Personal Guarantees: When A Business Owner Becomes Personally Responsible for a Business’s Debts

Personal Guarantees: When A Business Owner Becomes Personally Responsible for a Business’s Debts

Many business owners form a separate legal entity (an LLC or corporation) when starting a business for the very good reason that they want to avoid personal liability for the obligations of the business. As a practical matter, however, many lenders and commercial landlords require personal guarantees from the owners of small businesses to extend credit or agree to enter into a commercial lease agreement with the business.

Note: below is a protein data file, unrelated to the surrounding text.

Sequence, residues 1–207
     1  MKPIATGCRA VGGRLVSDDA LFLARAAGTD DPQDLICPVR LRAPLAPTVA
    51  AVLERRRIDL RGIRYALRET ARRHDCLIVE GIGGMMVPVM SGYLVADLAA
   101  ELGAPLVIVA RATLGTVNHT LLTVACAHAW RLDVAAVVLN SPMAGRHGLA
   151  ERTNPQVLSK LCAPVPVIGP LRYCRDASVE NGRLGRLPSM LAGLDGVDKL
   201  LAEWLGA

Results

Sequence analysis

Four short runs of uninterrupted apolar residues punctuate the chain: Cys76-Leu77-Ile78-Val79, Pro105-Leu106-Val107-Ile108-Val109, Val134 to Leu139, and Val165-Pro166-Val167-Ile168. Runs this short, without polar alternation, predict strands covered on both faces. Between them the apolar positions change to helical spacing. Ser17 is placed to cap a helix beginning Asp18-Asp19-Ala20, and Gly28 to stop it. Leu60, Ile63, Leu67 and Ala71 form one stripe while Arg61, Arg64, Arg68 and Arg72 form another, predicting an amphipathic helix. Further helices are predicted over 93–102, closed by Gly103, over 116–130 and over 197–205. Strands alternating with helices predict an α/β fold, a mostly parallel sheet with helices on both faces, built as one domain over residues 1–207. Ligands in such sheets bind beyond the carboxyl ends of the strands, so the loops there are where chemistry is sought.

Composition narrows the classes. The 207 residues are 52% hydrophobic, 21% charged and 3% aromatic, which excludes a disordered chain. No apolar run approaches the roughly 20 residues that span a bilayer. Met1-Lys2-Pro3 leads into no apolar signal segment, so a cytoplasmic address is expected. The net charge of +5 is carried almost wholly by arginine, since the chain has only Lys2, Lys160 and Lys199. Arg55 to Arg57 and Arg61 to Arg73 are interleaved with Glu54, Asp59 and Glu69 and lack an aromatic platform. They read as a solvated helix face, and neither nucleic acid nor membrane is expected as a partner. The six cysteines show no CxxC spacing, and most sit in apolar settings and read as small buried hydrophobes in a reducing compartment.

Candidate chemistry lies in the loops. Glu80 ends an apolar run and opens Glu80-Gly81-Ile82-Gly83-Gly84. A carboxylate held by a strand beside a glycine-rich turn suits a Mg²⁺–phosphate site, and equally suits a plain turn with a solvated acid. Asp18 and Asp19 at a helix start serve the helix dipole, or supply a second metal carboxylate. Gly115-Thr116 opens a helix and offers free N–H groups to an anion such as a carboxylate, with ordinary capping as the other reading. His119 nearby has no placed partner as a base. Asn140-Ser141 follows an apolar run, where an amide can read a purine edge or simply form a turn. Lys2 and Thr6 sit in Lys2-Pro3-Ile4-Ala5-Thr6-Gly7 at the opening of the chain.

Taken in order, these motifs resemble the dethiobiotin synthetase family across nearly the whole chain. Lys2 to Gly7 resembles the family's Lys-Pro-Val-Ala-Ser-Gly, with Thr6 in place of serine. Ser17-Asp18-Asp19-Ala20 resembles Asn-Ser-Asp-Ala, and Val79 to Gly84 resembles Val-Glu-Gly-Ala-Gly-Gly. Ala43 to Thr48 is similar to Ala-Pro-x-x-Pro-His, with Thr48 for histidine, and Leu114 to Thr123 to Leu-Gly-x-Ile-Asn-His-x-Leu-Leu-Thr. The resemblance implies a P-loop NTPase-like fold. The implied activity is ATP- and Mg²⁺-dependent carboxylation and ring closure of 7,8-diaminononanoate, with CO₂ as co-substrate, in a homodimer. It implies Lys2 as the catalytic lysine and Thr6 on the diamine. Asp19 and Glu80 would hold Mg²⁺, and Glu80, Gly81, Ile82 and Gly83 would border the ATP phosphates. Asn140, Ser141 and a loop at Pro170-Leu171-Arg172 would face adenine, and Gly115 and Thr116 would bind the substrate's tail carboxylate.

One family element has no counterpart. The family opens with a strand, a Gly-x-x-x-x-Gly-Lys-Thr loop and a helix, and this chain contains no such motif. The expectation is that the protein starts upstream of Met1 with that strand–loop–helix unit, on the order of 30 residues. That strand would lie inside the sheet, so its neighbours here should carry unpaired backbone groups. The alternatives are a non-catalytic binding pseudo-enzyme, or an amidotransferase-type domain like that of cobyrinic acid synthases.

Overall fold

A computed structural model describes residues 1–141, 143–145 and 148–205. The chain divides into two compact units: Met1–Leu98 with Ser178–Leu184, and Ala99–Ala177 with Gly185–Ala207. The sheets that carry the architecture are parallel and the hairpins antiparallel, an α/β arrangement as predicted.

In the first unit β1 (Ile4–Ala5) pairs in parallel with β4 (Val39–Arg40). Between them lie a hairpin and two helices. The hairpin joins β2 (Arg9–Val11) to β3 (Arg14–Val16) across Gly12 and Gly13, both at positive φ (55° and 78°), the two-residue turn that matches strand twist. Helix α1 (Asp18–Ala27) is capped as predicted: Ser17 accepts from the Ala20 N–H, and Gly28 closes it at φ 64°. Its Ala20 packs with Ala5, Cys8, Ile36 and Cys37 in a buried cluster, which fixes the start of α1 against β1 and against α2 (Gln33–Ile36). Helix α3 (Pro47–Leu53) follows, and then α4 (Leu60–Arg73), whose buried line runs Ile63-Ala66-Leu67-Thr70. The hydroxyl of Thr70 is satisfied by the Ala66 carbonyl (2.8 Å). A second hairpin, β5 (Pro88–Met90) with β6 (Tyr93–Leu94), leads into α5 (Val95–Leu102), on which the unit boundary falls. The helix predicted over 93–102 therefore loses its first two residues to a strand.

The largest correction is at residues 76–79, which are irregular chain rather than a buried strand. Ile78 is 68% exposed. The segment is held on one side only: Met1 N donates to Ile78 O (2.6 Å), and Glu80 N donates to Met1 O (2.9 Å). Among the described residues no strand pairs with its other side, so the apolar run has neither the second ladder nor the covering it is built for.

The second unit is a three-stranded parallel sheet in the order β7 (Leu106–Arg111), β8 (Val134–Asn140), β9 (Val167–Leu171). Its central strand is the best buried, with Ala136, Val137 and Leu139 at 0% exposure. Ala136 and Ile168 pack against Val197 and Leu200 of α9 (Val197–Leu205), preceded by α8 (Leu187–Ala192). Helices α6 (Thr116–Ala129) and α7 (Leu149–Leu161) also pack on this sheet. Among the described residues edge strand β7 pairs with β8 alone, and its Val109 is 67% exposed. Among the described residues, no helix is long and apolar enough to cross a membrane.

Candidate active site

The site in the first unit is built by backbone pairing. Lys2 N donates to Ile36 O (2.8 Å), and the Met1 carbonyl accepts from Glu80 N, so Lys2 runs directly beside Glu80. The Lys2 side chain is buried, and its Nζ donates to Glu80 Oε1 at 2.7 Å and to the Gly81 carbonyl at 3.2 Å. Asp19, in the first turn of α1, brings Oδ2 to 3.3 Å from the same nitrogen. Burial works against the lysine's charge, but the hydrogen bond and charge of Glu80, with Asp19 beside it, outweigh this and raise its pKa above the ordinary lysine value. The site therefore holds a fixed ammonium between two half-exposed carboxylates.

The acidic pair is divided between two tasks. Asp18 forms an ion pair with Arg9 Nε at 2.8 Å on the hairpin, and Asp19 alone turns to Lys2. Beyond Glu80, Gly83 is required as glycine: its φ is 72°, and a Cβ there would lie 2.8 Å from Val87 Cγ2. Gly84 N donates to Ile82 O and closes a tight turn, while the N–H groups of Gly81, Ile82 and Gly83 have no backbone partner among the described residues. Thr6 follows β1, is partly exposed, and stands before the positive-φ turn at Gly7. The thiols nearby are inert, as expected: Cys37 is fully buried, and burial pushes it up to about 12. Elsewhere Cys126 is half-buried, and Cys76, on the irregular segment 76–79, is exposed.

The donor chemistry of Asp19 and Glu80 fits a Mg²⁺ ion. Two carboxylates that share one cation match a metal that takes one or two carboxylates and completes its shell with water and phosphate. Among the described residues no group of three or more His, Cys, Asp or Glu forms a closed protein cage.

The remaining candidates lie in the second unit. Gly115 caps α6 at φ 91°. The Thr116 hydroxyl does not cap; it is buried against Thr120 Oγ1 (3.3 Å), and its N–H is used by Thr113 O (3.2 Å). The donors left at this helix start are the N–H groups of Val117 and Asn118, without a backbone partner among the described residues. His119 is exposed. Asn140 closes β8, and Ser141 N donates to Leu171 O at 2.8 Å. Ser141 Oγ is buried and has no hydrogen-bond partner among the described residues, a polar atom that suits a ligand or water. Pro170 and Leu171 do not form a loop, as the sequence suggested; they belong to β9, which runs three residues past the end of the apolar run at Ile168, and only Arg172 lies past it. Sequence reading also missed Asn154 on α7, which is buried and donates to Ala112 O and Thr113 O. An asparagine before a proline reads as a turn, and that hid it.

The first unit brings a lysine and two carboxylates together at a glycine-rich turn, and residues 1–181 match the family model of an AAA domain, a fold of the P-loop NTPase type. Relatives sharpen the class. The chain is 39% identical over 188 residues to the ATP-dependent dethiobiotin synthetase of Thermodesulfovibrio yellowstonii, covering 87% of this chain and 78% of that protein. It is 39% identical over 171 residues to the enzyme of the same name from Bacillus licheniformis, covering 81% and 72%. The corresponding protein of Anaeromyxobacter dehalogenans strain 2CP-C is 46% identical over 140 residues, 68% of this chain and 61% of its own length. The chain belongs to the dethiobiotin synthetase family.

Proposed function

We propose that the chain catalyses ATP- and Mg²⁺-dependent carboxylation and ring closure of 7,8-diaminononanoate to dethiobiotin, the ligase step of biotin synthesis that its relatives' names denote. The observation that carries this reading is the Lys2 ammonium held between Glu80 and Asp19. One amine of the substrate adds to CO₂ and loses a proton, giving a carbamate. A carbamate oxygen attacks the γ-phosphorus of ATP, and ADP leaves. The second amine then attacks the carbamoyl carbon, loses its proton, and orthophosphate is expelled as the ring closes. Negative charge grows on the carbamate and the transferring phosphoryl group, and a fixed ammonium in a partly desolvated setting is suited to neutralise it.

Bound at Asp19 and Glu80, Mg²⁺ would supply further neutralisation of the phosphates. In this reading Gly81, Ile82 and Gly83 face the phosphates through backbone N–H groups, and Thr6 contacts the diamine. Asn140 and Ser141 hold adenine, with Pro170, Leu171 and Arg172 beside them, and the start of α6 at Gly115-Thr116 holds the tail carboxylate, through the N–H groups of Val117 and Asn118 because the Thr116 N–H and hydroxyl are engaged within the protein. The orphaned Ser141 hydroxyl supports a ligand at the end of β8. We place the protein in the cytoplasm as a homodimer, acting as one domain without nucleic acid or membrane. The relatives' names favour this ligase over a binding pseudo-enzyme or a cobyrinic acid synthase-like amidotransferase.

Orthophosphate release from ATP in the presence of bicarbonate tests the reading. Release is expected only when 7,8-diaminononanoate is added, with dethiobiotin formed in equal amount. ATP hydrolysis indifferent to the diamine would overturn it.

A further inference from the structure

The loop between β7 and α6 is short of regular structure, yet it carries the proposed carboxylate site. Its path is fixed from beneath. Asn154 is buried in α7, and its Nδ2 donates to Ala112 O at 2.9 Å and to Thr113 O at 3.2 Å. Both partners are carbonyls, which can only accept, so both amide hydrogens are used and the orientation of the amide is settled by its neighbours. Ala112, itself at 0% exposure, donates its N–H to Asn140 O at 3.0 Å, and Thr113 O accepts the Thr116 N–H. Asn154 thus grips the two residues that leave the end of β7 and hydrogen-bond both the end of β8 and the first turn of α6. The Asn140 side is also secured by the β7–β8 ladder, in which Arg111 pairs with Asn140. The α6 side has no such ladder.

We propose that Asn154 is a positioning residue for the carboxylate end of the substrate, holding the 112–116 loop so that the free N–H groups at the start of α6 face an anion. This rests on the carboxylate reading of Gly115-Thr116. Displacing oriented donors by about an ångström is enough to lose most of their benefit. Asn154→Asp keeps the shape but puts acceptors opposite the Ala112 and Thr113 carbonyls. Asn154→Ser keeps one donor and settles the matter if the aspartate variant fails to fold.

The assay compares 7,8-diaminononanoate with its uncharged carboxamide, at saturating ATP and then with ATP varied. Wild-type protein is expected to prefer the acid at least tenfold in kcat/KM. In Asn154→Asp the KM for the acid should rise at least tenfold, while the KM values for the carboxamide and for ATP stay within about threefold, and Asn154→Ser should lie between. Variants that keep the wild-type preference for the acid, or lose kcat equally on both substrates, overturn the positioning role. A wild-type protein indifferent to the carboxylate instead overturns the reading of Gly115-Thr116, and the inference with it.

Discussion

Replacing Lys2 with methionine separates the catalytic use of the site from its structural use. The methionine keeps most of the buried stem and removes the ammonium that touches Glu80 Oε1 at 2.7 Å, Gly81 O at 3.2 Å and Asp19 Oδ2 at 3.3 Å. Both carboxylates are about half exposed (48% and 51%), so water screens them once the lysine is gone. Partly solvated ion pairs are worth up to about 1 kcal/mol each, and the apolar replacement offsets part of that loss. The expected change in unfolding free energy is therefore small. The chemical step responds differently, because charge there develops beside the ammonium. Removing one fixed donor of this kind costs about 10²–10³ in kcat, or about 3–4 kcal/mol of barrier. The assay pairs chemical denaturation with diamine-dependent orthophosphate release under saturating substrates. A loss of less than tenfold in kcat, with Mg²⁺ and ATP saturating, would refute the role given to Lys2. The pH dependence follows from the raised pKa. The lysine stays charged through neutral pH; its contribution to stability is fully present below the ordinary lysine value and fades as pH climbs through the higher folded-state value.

A personal guarantee is the promise by an individual to accept responsibility for the obligations of the business – generally the major obligation will be the payment of money – if the business does not meet those obligations. The individual making such a promise is known as the personal guarantor. The terms of guarantees can vary based on how they are written, but often commercial personal guarantees are unconditional, meaning that the party to which the money is owed does not first have to sue the business before seeking payment from the personal guarantor.

The inability of the business to pay its debts when they come due can have immediate negative consequences for the personal guarantor. If you have any questions or concerns about your personal guarantee or your business’s financial health, please do not hesitate to contact Ethan Ganc at ethan@ethanganclegal.com or 212-929-7500.

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